Sleeping with the fishes: Sicily’s quirkiest museum

The fishing village of Aspra in Sicily

Nestled in the backstreets of Aspra you’ll find the Museo dell’Acciuga – a salty fisherman’s tail of Sicilian history and mafia resistence! Creator and modern day bard Michelangelo Balistreri lovingly takes his visitors through the story of the humble anchovy, using unique perspectives and even a song or two.

Michelangelo explains how this silvery little fish has managed to make a massive impact, shaping Sicilian communities, coastline and nature.

Travelling in huge schools, the oily and potent anchovy have always been highly prized, but they also have links to a fight against organised crime.

Brothers Michelangelo and Girolamo inherited the site as a factory. To preserve the traditions of preserving, they switched production to a new factory in 2005 and set-about building their museum.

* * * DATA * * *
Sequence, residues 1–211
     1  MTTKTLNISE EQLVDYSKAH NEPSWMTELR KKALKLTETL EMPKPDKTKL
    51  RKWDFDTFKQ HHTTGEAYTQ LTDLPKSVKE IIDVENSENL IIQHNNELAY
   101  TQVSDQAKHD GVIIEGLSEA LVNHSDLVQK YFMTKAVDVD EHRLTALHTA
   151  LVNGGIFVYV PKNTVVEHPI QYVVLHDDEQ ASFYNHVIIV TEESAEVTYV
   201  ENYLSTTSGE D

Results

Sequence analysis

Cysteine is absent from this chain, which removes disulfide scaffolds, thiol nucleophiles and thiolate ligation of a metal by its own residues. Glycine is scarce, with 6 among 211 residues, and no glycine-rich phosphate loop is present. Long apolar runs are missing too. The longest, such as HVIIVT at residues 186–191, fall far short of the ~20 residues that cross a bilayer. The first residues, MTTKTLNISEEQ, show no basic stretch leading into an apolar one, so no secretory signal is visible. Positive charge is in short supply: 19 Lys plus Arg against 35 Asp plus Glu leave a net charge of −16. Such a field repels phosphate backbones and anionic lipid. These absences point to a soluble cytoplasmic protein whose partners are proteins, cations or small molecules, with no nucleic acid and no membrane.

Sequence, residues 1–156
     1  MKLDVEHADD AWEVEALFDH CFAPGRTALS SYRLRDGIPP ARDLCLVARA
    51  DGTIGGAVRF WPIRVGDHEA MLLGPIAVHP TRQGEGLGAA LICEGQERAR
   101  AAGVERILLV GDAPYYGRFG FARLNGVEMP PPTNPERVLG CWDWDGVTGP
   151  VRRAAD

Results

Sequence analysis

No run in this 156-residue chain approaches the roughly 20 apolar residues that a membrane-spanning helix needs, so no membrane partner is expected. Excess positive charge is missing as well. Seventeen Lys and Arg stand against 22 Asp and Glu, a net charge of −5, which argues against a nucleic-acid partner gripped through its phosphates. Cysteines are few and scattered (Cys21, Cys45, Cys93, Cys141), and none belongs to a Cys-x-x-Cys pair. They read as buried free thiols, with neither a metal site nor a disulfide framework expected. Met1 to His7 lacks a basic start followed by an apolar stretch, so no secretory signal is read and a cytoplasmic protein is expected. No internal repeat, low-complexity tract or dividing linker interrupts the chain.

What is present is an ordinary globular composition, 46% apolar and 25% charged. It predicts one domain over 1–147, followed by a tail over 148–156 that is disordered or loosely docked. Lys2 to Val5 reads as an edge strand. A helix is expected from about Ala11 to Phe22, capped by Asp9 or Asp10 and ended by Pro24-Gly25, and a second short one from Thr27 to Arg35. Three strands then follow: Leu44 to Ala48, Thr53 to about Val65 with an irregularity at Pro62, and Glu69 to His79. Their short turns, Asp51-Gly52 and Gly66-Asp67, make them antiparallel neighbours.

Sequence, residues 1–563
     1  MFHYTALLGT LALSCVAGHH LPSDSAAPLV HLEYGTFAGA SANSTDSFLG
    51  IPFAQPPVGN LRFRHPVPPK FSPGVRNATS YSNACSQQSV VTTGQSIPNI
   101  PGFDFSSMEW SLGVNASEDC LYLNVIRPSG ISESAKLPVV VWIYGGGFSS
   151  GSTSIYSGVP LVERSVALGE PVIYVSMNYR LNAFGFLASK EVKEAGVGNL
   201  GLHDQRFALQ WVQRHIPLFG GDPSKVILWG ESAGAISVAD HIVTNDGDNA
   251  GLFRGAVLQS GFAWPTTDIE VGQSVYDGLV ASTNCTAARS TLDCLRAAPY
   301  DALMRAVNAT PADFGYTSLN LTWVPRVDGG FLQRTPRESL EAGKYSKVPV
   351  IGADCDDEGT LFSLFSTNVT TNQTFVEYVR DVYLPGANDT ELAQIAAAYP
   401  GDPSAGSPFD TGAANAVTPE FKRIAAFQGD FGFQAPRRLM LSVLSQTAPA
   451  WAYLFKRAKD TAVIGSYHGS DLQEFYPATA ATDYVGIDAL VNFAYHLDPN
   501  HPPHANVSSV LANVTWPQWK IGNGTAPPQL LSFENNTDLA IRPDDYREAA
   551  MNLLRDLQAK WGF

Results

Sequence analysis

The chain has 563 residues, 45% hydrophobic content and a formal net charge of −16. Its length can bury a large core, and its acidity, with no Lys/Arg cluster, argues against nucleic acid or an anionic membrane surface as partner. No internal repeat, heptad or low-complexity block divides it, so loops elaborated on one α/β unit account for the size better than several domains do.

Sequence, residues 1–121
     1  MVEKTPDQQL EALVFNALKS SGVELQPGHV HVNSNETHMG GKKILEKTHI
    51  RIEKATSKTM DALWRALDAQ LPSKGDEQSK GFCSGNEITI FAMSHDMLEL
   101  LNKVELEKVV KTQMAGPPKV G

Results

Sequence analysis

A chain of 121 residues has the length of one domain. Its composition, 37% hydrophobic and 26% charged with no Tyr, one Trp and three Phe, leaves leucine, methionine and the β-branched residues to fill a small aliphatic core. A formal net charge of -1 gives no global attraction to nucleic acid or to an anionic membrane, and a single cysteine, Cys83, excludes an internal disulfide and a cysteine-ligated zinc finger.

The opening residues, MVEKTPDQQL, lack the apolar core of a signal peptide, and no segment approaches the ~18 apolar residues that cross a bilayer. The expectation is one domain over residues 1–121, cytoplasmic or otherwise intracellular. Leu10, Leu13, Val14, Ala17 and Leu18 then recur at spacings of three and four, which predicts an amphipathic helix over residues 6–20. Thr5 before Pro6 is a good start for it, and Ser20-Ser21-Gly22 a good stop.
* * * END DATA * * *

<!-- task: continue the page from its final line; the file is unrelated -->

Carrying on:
Sicilian anchovies
Sicilian anchovies play a major role in local cuisine
Colourful tins of salted anchovies in the Anchovy Museum
Anchovies salted and packed in their original tins

A few years later a former school-mate of Michelangelo’s tried to extort 100,000 Euros out of the entrepreneurs, but they took the brave decision to resist and called in the Carabinieri. Ever since they’ve lived under 24-hour-a-day police protection.

Not content with making a dangerous stand, they’ve also turned the museum into an anti-mafia protest, painting the remains of old fishing vessels with portraits of victims and poems against organised crime.

Be prepared to laugh and cry as the gifted and genuine Michelangelo navigates you through a museum unlike any you’ve experienced before.

The Anchovy Museum is decorated with fishing paraphernalia
Exhibits are painted with the portraits of mafia victims as a protest against organised crime